Tokyo Film Festival Presents Yoshida’s Hope Films Amidst Despair

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TOKYO – Boxers, janitors, fishermen, the heroes of Keisuke Yoshida’s films are the angst-filled losers of Japanese society, battling through thick and thin in a violent, imperfect and often mad world.

The Japanese director and his last three works are presented at the Tokyo International Film Festival, which opens on October 30.

“When you think of how the world can become a better place, what is at the root of the problem is a lack of imagination. The theme of my last film is about this sensitivity, the ability to imagine even a little what others may be going through, to overcome and lessen divisions, ”Yoshida recently told The Associated Press.

Yoshida’s works explore the dark side of the human condition, such as petty jealousies and shameful guilt, though he insists he believes in the potential for change, which he calls “taking that first step.” out of desperation.

In “Intolerance,” which Yoshida also wrote the screenplay for, Arata Furuta delivers a heartbreaking performance as the stoic lead character, who loses her daughter in a car crash. The fisherman never fully expressed his love for his daughter during her lifetime and is unable to recover from her death.

He relentlessly pursues a grocery store manager whom he accuses of his daughter’s death because the manager pursued the young woman suspected of shoplifting. The film portrays how Japanese society, often working as a claustrophobic village, ostracizes and punishes what it considers to be misguided individuals. The frenzied mass media are adding to the pressure.

Still, the heartbreaking ending expresses that little hope Yoshida has in mind in all of her films.

“There is the theme of what is good versus what is bad, which is easy to understand. But on another level, I wanted to show how each individual deals with what is lost. This is how I started this story, ”he said.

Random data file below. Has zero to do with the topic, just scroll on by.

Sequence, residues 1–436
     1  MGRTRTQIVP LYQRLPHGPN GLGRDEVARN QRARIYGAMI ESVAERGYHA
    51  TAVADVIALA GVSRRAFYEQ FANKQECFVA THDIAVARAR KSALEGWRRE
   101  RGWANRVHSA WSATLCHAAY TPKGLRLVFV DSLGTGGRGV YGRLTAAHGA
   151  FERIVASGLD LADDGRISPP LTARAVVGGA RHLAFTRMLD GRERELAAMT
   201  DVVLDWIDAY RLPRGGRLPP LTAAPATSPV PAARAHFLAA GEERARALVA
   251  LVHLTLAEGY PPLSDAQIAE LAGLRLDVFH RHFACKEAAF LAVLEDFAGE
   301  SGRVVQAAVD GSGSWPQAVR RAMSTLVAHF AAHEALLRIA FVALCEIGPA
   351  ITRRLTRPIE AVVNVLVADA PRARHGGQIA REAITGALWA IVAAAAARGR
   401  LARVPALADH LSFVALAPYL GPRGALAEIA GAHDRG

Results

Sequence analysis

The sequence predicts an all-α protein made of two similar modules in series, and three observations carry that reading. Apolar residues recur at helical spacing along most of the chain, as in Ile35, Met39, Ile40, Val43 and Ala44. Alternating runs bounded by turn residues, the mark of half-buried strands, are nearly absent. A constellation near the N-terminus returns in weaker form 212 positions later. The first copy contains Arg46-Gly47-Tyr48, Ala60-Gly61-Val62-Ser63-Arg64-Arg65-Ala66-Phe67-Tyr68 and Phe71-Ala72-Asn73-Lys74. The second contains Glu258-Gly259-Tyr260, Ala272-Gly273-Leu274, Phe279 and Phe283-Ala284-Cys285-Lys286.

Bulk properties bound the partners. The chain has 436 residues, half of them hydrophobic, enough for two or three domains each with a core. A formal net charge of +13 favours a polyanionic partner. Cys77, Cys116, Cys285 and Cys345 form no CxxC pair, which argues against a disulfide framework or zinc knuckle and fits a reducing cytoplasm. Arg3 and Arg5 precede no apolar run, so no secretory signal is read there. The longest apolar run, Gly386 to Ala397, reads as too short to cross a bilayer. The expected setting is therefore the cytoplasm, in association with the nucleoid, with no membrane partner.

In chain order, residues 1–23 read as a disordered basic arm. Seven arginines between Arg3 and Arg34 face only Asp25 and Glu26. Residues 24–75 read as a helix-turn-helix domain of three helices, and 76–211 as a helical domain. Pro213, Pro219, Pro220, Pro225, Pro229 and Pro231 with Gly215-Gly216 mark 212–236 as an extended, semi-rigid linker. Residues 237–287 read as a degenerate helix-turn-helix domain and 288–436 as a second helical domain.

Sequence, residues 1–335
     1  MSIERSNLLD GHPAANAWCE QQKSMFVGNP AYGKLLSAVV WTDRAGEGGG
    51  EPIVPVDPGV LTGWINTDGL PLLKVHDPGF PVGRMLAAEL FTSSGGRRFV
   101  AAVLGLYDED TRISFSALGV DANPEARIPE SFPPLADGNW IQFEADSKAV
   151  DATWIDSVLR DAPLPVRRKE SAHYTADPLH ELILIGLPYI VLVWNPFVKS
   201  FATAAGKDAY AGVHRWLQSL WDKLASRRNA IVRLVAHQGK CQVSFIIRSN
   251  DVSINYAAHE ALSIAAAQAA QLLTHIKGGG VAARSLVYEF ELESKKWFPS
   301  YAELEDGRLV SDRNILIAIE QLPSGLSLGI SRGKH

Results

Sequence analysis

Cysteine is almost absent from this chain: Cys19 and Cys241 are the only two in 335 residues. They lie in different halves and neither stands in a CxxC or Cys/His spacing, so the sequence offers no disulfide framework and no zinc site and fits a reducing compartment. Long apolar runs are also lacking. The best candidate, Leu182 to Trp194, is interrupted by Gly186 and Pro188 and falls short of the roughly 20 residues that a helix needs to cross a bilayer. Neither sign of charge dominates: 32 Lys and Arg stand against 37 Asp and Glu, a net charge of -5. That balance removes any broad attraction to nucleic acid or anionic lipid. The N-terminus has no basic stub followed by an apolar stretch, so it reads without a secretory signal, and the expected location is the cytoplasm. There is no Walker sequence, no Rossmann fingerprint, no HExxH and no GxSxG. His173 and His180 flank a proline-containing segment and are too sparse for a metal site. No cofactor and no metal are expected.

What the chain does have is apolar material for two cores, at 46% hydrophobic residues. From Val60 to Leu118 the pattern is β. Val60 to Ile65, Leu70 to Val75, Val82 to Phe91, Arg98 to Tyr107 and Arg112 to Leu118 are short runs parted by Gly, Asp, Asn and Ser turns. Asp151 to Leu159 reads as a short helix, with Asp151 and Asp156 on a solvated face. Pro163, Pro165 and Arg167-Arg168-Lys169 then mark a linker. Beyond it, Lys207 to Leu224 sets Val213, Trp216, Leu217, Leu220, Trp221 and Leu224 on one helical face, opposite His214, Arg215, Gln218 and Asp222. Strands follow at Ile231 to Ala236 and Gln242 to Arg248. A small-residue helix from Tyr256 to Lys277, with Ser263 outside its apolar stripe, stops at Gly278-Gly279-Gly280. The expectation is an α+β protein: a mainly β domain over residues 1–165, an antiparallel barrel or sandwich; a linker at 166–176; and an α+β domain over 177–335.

Another feature film from the festival is “Hime-Anole,” based on a Japanese manga or comic book, focusing on two young people cleaning buildings. They meet a former classmate, who, in the end, has become a serial killer.

The title refers to a lizard and symbolizes a life meant to be consumed as food by a stronger predator.

Yoshida, 46, had been keen to become a director since he was in kindergarten, “because I wanted to meet Jackie Chan,” he jokes. He has yet to meet the Hong Kong superstar.

Yoshida was a loner growing up so he started boxing instead of team sports. He got so good that he was a training partner for a professional fighter until a few years ago. He still boxes to stay in shape, a devotion he has nurtured for over three decades.

This experience was useful for “Blue”, also presented at the festival. Kenichi Matsuyama plays the hero, a boxer without a victory. The title refers to the blue corner of the ring, reserved for the lower rank boxer.

“Yoshida’s ability to bring out such drama in ordinary people is something to see. It is a great pleasure to showcase his work, ”said Shozo Ichiyama, festival programming director.

Yoshida worked with legendary author Shinya Tsukamoto, who directed “Tetsuo” and “Fires on the Plain” and starred in “Silence” by Martin Scorsese. Yoshida said that Tsukamoto controls every detail of making a movie so meticulously that he’s learned to be the exact opposite, to let go and to leave some things to improvisation and chance.

But, after all these years, becoming a filmmaker, by definition a huge group effort, has transformed this once lonely child into a team player.

“I forcefully changed my character because I want to make films,” Yoshida said.

His next work is “a dark comedy,” a quirky love story, he says, quite different from recent films.

This year’s festival, which runs through November 8, also features Asian and Japanese animated films, as well as a 4K remastered “Family Game” directed by Yoshimitsu Morita, to commemorate the 10th anniversary of his death. The opening film is “Cry Macho”, directed by, produced by and performed by Clint Eastwood. The closing film is “Dear Evan Hansen”, a coming-of-age musical film by Stephen Chbosky.

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Yuri Kageyama is on Twitter https://twitter.com/yurikageyama



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